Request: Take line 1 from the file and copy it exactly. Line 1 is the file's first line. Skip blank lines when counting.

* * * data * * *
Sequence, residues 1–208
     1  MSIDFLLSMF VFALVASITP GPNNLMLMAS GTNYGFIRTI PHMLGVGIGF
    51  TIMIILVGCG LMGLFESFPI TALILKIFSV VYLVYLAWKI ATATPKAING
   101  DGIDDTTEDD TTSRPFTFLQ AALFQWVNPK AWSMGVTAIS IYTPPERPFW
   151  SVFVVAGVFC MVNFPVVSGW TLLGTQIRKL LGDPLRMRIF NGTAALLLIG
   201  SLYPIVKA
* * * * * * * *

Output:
Sequence, residues 1–208